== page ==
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Thursday Churn: Buses circle Capitol

Updated: More than 50 yellow school buses from Falcon School District 49 in El Paso County circled the state Capitol today to protest proposed cuts in K-12 funding. The convoy left the district at 7 a.m. and, upon arrival, D-49 School Board President Dave Martin met Sen. John Morse, D-Colorado Springs, on the west steps, handing over the keys to the buses as a symbolic gesture.

Read more about the action in the Colorado Springs Gazette and in the Denver Post.

What’s churning:

The College Board – the people who bring you the SAT and a lot of other tests – is leading a national campaign to increase the number of Americans who have college degrees, and it’s bringing its State Capitals Campaign to Denver today, along with the National Conference of State Legislatures and the Western Interstate Commission for Higher Education, both based in Colorado.

The groups are hosting a two-hour session for policymakers and invited guests at the Governor’s Mansion this afternoon. Speakers include former Gov. Roy Romer, DPS Superintendent Tom Boasberg, state budget director Henry Sobanet and several other state officials, higher ed leaders and assorted policy experts.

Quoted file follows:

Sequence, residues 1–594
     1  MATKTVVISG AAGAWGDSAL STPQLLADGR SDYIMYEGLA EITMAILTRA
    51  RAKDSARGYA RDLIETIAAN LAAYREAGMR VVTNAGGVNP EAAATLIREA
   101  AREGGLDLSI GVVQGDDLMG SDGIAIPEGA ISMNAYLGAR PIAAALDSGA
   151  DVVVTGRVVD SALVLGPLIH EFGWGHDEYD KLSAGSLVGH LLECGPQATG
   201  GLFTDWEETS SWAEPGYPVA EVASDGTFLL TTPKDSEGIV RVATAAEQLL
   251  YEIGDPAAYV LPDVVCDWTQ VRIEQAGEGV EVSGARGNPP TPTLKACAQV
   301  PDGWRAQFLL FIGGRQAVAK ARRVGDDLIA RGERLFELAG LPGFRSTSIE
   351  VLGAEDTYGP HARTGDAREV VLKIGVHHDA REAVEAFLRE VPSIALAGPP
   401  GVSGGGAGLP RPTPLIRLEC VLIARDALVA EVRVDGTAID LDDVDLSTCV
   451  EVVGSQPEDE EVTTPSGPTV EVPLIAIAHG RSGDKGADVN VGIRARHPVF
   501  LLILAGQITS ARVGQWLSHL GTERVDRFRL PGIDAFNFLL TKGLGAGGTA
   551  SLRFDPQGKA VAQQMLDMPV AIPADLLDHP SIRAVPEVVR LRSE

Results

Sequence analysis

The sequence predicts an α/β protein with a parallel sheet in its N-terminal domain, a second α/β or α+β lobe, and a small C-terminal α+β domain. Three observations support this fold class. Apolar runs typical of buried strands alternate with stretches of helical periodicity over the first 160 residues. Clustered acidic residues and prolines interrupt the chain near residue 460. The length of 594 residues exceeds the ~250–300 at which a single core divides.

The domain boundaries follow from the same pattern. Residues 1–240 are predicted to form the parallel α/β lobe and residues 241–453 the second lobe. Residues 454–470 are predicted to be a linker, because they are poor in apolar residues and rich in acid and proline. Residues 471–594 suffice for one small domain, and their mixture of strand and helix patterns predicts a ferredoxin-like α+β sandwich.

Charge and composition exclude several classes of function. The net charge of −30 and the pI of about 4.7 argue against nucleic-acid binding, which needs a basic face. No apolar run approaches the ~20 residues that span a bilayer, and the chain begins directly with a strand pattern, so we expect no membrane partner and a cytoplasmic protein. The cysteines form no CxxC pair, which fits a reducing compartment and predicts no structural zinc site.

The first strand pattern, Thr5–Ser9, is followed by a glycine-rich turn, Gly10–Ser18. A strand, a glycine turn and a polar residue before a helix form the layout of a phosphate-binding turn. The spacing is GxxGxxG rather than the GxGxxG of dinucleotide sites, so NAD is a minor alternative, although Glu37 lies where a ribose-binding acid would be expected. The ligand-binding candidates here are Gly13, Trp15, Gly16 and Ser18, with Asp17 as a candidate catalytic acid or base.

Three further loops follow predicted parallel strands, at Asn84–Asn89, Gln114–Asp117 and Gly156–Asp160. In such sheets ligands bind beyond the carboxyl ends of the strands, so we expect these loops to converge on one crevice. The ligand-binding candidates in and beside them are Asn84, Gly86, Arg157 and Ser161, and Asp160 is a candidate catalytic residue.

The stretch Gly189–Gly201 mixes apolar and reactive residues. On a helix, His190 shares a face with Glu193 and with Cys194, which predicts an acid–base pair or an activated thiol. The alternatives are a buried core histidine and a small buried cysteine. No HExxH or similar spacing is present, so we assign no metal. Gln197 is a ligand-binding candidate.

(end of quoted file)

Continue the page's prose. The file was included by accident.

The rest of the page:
The campaign, named the College Completion Agenda, is promoting a goal of 55 percent of Americans aged 25-34 having at least an associate’s degree by 2025.

An estimated 41.6 percent of Americans in that age group had associate’s degrees or higher in 2008. Colorado’s percentage was 41.5, 19th among states.

You can get more information about the campaign, its specific proposals for reaching the goal and state-by-state information on the Completion Agenda website.

What’s on tap:

Metro State College officially breaks ground on its Hotel and Hospitality Learning Center, which will include a SpringHill Suites hotel. The event starts at 3:30 p.m. at the site on the corner of Auraria Parkway and Speer Boulevard.

Good reads from elsewhere:

Looming layoffs: America’s public schools may see the most extensive layoffs of their teaching staffs in decades. New York Times. Also from the Times, a study finds KIPP schools enjoy financial advantages over traditional public schools.

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